The long-term exploration of Mars is subject to the same economic dynamics we've seen in other forms of exploration and settlement. Can people find a way to make money and make a living from it? The prospect of opening up a whole new world would appeal to some people, but economically you have to find a way to make it work. Putting millions of people on Mars is not within the financial plausibility of any combination of space agencies. It has to have its own motors. Look at the history of the Western frontier in America. It was a combination of government incentives and financial speculation and the willingness of people to endure hardship. And in the long run, it did work. I live in California, and I wouldn't be here on the phone if we hadn't explored the West. My guess is that exploration of Mars will work.


Scientist Stephen Hawking has talked about the importance of extraplanetary colonization. Is settling on Mars a necessary or even viable solution to global warming or the population boom?

Colonizing other planets is not a solution to population growth. The motive for colonizing other planets is, first of all, insurance. Any species that has habitation on more than one planet has obviously purchased a kind of insurance policy against global catastrophe on any one planet. That's a very valuable asset to have. Then there's exploration. Humans have always been an exploratory species. Mars is a small planet, but because it has no oceans, the surface of Mars is equal to the dry land surface of Earth. So if you start to explore on Mars, you can establish a foothold on a planet that, for practical purposes, can serve as a second Earth.

The conditions on Mars are harsh at present, but there's been a lot of study on terraforming -- altering the climate to make it more attractive to humanity. It's a challenging long-term project, but it may be viable at some point. If there is life on Mars, then a number of questions arise. First, did it arise on Mars separately from Earth? If so, there might be a strong argument for leaving it alone. Another possibility is that both Earth and Mars have life from a single common origin. Life might have been transported to Mars through impact events that knocked life off this planet. And pieces of Mars have been found on Earth, so this stuff does migrate around and could carry organisms with it.


Then there's pure exploration and having a frontier for people who are prepared to live on the frontiers. When you look at a problem like global warming, people dismiss it because they don't know all the answers -- but that's the point. We're conducting a global experiment without understanding how planets operate. The Earth for much of its history has not been a planet where humans could exist. That's a fact that humans are taking hard. I don't mean that we can't get global warming under control, but I'd feel more confident about the human species if we had 500 million people living on Mars. That's entirely possible.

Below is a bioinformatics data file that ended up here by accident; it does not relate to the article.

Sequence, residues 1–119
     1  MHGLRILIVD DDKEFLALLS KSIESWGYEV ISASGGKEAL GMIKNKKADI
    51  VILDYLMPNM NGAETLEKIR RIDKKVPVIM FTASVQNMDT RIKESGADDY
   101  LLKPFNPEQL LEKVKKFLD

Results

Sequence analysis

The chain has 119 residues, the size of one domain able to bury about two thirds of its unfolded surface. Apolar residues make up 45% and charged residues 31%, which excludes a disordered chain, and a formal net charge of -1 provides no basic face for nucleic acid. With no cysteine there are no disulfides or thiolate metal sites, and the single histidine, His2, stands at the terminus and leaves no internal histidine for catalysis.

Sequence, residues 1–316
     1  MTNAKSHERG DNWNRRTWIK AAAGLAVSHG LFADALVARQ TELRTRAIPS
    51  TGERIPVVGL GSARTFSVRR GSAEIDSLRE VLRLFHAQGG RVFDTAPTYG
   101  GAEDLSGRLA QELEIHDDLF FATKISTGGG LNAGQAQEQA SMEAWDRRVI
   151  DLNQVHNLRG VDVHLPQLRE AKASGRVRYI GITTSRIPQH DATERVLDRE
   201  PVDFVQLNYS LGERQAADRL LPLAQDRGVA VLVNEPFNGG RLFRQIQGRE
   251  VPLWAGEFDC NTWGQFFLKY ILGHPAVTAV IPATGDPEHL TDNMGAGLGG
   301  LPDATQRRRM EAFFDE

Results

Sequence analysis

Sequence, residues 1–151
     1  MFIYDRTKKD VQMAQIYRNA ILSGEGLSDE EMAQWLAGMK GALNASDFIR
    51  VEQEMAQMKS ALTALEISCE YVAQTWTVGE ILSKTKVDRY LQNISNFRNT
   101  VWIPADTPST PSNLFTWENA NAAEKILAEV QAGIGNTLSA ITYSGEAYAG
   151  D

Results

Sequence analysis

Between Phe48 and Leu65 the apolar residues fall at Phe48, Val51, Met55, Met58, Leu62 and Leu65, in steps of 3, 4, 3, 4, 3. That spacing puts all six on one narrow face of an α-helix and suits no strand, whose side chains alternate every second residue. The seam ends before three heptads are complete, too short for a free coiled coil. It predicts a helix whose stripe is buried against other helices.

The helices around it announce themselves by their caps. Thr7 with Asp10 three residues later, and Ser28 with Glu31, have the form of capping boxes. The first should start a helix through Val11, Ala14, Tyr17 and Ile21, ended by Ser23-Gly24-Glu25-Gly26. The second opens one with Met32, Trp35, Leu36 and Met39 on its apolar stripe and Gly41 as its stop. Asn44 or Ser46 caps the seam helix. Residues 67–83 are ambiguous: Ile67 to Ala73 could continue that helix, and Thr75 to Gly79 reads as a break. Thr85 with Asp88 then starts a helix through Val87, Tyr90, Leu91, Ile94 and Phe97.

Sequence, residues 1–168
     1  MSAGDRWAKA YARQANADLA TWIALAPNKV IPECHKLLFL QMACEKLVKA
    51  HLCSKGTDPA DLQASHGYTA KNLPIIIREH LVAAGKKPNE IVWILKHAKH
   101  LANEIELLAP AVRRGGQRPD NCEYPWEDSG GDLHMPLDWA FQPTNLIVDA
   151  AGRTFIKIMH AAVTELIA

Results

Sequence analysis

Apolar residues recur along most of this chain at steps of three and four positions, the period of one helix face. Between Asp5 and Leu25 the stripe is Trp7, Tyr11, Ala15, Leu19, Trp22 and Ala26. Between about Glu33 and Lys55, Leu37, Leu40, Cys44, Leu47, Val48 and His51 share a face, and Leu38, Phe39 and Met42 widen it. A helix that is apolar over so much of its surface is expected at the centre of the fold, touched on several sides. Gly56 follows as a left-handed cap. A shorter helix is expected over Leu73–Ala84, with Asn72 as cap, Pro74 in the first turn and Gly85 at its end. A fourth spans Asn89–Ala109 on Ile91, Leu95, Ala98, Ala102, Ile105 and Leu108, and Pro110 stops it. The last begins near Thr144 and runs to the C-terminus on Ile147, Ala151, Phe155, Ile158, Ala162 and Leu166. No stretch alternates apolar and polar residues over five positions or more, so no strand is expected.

Extraterrestrial life and extraplanetary colonization haven't been considered scientific possibilities for very long, have they?

When I started in astronomy a half century ago, one of the things we knew was that stars were rather sharply divided between those that rotate rapidly and those that rotate slowly, with few examples in between. The mechanisms that made stars rotate more slowly was the formation of planets. If a star forms with a proto-planetary disk out of which planets congeal, that disk has a braking effect on the rotation of the star through centrifugal force and slows the star down. So we used to see in books a half century ago speculation that since the sun is one of those slow-rotating stars, maybe other stars out there have planets.

That's turning out to be true. Over two hundred planets and other stars have now been identified, and research continues. So there are a lot of worlds out there and a lot of potential for life, and there's nothing in the history of Earth to suggest that it is unique.


Life started on Earth quite early, and the formation of life on Earth was a wholly natural event. On other Earth-like planets there could very well be life -- and on other planets, things that we don't think of as life. We only know one form of life, and for us, all forms of life are related. Everything living on Earth is descended from the same organism. Naturally, we find it difficult to imagine what other forms of life would be. You see that in science fiction all the time. Our attempts to depict aliens are always pathetically conservative: They're always squidlike, or people with pointed ears.

As far as we can tell there are only three requirements for life. You need an energy source of some kind that has a gradient to it, like the sun. The sun is hot and on the other side of the planet it's cold, and the differential allows a potential organism to use that energy. But the energy source doesn't have to be the sun. Second, you need some nutrient, a chemical that can be used by a recipient organism to build itself -- and that stuff is abundant in the universe. Every planet with a hot core is an energy source. Third, you need an encoding system to quantize genetic information. That function is taken up on Earth by DNA. Those three conditions must be extremely common in the universe. We don't have any reason to think life on Earth is miraculous or unusual.

Adrienne So

Adrienne So is an editorial fellow at Salon.